Some of the most gut-wrenching conversations I’ve had with constituents have come over the past two months or so. They all carried a common theme: Unemployment benefits…or more like the lack thereof.
I’ve heard from single parents who ran out of money to feed their children, and I’ve heard from white-collar workers who have depleted their savings. Each person said they had applied for unemployment compensation just after Gov. Tom Wolf ordered nearly every business in the Commonwealth to close. This was the first time many had ever applied for unemployment assistance. Several said they hadn’t heard a peep from the Department of Labor and Industry. Others received notice that their benefits were approved, but no money appeared in their bank account or on their benefit card. Each person was scared because they didn’t know how they were going to get by without any money coming in. Calls to the department were met with busy signals or in some instances when they were able to get through, the calls would suddenly drop. Emails went unanswered for weeks. Contact was nil. The system meant to assist them instead failed them.
In fact, some people have returned to work and are only now receiving a response from the Department of Labor and Industry. For those people, it took about two months to get a reply. For others, they are still waiting to hear from the department about their claims. Our office has been able to assist many of these constituents, but for some, we are still awaiting a response.
Well over 2.1 million Pennsylvanians, which accounts for about one-third of the state’s entire workforce, filed for unemployment benefits since the shutdown began. That includes traditional workers and the self-employed, independent contractors and gig workers. The 2.1 million claims put an enormous strain on a system not meant to handle so many people left jobless all at once.
The House Labor and Industry Committee recently held an investigative hearing to seek answers to why so many people have waited so long to receive even a dime in benefits. Mainly, we want to learn what went so wrong so that it doesn’t happen again should we ever find ourselves in a similar situation.
Naturally, when so many people filed for benefits all at once, the system was overwhelmed and couldn’t keep up. The governor’s order to close certain businesses far exceeded all other states. For example, while nearly every other state allowed for construction to continue, Wolf closed this sector, putting a further strain on the system.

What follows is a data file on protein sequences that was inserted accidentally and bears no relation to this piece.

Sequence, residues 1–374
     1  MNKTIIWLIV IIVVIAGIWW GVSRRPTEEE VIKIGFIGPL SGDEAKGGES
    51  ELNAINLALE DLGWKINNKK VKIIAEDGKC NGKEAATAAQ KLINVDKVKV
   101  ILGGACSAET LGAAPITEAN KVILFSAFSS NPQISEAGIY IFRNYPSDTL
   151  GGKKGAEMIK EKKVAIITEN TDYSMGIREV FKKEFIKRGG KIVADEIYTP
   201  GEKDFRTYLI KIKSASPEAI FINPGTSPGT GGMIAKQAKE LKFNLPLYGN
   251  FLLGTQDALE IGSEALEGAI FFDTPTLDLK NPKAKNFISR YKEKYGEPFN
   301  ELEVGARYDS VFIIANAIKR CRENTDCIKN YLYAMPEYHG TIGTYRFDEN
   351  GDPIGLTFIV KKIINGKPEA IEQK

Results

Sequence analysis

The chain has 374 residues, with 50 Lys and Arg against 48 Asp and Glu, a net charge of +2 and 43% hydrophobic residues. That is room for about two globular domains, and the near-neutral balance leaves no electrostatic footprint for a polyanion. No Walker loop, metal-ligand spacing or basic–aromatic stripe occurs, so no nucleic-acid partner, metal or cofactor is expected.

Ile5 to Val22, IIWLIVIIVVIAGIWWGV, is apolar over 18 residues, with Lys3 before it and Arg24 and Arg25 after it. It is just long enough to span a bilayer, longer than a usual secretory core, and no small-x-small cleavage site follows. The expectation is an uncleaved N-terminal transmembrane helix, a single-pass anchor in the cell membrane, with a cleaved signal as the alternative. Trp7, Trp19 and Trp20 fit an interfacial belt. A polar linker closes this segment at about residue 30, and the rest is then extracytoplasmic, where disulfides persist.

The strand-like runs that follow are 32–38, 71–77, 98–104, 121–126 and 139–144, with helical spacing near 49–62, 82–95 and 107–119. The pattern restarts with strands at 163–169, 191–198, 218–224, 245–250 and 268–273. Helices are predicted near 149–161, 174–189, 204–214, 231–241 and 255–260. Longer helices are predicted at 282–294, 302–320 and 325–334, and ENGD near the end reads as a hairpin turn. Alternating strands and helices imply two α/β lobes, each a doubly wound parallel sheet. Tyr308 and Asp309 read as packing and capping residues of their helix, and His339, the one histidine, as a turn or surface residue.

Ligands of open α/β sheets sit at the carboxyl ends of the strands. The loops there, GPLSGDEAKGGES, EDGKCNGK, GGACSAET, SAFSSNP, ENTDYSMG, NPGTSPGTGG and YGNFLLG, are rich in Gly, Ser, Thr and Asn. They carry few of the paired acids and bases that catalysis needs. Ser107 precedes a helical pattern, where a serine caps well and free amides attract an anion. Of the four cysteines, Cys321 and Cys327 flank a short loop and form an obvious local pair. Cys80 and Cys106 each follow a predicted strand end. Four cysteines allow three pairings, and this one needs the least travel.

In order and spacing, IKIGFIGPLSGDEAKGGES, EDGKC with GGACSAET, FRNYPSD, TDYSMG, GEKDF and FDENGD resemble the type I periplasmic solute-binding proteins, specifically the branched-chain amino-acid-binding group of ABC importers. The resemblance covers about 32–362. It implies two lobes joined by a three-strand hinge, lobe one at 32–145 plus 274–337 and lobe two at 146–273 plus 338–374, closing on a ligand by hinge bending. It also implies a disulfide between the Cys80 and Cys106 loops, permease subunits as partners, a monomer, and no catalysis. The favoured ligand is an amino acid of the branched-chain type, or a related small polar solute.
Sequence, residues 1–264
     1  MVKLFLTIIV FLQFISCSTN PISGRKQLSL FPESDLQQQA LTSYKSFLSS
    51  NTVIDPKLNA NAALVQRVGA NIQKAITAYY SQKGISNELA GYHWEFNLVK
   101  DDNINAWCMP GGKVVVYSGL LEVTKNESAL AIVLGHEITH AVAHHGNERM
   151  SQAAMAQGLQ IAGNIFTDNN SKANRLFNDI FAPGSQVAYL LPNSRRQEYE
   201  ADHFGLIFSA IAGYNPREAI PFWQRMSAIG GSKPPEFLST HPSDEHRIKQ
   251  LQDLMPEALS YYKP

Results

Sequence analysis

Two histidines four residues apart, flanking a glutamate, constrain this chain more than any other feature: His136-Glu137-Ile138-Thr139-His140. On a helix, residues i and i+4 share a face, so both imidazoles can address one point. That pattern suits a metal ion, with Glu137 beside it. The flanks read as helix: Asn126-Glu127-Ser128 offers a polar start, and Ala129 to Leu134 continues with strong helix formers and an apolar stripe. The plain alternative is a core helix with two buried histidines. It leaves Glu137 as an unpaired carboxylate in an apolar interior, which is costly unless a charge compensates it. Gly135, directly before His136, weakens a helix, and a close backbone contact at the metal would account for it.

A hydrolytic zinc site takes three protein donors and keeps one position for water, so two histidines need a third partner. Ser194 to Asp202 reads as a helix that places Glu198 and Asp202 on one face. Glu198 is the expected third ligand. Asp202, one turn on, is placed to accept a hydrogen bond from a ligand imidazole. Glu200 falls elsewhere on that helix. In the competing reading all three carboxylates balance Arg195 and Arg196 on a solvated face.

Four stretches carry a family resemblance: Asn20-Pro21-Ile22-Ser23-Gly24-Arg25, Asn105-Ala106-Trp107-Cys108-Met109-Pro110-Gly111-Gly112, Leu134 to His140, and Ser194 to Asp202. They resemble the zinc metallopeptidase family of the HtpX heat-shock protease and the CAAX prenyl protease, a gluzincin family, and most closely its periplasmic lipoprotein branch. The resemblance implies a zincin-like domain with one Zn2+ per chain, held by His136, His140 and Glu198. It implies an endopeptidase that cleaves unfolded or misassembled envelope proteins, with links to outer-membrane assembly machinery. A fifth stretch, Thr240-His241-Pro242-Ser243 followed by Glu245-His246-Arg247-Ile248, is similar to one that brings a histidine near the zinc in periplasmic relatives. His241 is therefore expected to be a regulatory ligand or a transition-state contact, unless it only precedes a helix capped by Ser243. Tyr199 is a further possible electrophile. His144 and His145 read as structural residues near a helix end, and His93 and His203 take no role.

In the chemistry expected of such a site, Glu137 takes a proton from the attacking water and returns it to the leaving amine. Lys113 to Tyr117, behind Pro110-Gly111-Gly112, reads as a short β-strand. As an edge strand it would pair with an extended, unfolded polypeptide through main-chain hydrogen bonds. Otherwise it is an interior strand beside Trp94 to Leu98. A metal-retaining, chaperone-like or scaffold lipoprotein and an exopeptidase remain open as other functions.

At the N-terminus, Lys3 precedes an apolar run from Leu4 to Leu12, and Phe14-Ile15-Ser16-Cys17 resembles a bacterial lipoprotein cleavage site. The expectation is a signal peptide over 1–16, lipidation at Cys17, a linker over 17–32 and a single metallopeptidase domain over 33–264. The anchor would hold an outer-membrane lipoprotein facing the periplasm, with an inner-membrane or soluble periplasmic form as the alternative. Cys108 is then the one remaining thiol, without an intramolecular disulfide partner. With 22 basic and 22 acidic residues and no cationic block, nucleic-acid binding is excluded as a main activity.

One of the issues we heard during the hearing was that the department had to provide its own employees the needed tools, mainly laptops, to work from home during the mass shutdown. Wolf’s closure order was abrupt. I believe the administration should have been more prepared for the fallout of the governor’s order.
The department should have been made aware of the forthcoming closures and business sectors impacted so that it could have been better prepared to serve the millions of Pennsylvanians who would turn to the department for help. Like so many state employees, the workers on the frontline at the department are doing a tremendous job given the situation. They need the tools and the knowledge of what’s to come so that they can better serve the people of Pennsylvania who need assistance.
Another issue that compounded these problems is that unemployment compensation claims are processed using a 40-year-old computer system. Mind you, this is the same system that was slated to be replaced more than 10 years ago. The process of replacing the system has been met with numerous setbacks, costing taxpayers more than $350 million. The latest vendor to take on updating the system was to have the new system up and running last April.
During the hearing, department officials said the new system would have alleviated some of the unprocessed claims. The new system is to be up and running in October, 13 years too late and hundreds of thousands frustrated and penniless Pennsylvanians later.
The cost of this error is extremely high for so many Pennsylvanians. We owe it to them to get the needed answers. We will continue to press the department and the administration for information. More importantly, we will continue to fight for the jobless Pennsylvanians who have not received assistance.
Representative Kate A. Klunk
169th Legislative District
Pennsylvania House of Representatives
Media Contact: Greg Gross
RepKlunk.com / Facebook.com/RepKlunk